Martha with a copy of “Martha’s Flowers; A practical guide to growing, gathering and enjoying.” Click to order.
These were the thoughts passing through my mind when seeing her last night. Afterwards back at my desk I got a call from Blair Sabol about a piece she’s preparing for us. I told her where I’d been. She loved hearing about it.

“When people ask me who had the biggest effect on me as a woman — and I grew up with Gloria Steinem, Bella Abzug, Germaine Greer and Shirley Chisholm, all of whom I interviewed back in the '70s when I doing my Outside Fashion column in the Voice — I realized that in the end nobody had the effect on me that Martha did.”

Somewhat surprised by Blair’s revelation, I asked her why. “First of all, she’s an incredible businesswoman. She got me to be aware of my Life Style and that meant, not just clothes. And I read the magazine and I followed her.

“Martha wasn’t political. That’s why she got to me. I don’t cook and I don’t garden, but a lot of women read her and also don’t. She went in on another level of living that was not political but which had to do with style and manners. Doing the right thing, a good thing. Don’t forget, that was her slogan. It’s a Good Thing.

“Her magazine in the very beginning was the biggest influence on women of that time. People took her in on a core-style level. I don’t know a woman who didn’t watch her on TV. This was before Oprah — because Oprah patterned her mag on Martha.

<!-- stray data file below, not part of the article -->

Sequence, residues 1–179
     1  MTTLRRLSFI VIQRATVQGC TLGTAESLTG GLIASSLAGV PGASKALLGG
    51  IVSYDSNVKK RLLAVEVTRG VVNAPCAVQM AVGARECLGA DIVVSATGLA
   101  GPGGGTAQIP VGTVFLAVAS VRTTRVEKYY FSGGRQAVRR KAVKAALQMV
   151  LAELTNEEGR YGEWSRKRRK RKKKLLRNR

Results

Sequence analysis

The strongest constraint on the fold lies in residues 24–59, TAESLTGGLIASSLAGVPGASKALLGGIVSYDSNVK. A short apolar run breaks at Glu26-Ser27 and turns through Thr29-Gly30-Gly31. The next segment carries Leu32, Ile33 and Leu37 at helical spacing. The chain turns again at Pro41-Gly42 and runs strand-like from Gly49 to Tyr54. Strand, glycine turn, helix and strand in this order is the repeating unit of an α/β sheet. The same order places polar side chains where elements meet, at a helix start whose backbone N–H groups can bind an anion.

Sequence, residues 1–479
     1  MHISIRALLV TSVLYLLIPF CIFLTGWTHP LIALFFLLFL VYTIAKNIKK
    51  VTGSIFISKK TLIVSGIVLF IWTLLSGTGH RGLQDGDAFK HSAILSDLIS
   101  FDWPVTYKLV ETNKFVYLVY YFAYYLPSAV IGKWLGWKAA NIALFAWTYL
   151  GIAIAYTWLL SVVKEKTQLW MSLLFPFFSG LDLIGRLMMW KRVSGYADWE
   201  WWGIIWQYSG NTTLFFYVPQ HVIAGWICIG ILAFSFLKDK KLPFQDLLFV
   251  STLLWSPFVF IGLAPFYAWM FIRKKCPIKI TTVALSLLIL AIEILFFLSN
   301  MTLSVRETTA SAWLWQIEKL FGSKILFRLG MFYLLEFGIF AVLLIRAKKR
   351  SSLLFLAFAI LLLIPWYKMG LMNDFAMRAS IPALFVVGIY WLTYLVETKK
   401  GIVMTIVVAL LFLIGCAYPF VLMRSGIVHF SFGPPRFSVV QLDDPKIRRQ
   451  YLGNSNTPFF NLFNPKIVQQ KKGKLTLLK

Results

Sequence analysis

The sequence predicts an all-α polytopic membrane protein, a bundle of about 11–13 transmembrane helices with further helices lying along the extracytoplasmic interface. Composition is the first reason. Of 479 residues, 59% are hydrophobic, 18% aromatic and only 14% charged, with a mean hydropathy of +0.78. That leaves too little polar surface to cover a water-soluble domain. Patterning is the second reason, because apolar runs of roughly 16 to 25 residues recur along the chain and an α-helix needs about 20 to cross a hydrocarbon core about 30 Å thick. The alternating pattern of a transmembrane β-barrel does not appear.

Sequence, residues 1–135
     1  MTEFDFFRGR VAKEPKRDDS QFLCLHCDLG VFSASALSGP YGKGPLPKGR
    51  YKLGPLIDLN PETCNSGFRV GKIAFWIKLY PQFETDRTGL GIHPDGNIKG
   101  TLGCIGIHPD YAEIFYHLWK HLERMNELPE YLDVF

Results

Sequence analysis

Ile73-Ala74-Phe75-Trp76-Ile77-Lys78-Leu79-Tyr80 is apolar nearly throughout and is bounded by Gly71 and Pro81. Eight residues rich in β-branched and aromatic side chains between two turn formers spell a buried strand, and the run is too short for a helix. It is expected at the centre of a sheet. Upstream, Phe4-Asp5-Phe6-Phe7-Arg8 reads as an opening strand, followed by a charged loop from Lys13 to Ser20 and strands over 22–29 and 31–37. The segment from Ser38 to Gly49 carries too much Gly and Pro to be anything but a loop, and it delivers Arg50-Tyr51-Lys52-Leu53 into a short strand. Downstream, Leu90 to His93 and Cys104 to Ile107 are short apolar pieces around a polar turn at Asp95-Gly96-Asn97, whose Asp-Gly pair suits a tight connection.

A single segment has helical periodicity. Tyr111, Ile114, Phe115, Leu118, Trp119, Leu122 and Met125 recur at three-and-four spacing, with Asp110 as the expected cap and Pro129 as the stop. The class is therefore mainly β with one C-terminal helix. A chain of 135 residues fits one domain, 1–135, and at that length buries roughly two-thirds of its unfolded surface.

“And then when she served time, she really won me over. She was a hero to me. It moved her into an area that wasn’t funny – a lady talking about coming from the kitchen. (And by the way, NO other women have served time like this ... and she served it beautifully.) She had classes. She was amazing. So Martha is my hero.

“With me, I’ll never forget it. She once advised putting green apples in a white bowl. Forever thereafter, I’ve had a white bowl with green apples in my kitchen.”

After talking to Blair, I went back and opened the new book. I’m not a gardener either, although I love flowers for their beauty and fragrances, and during the warmer months I have my own little “garden” on my terrace. Alas, the new book is its own kind of inspiration. A thing of beauty, to keep in mind even if you are unable to grow it around you.
The display in Ralph Lauren for Martha's book signing.
And while we’re on the subject: this past Tuesday night at the Pierre, The Horticultural Society of New York hosted its 21st Annual Flower Show Dinner Dance honoring Sharon Casdin and Gil Schafer.

At the annual celebration of floral arts which presented 20 different designers, guests enjoyed a festive cocktail hour — generously sponsored by Tito’s Handmade Vodka and Fresh — and a preview of the exquisite and ethereal designs.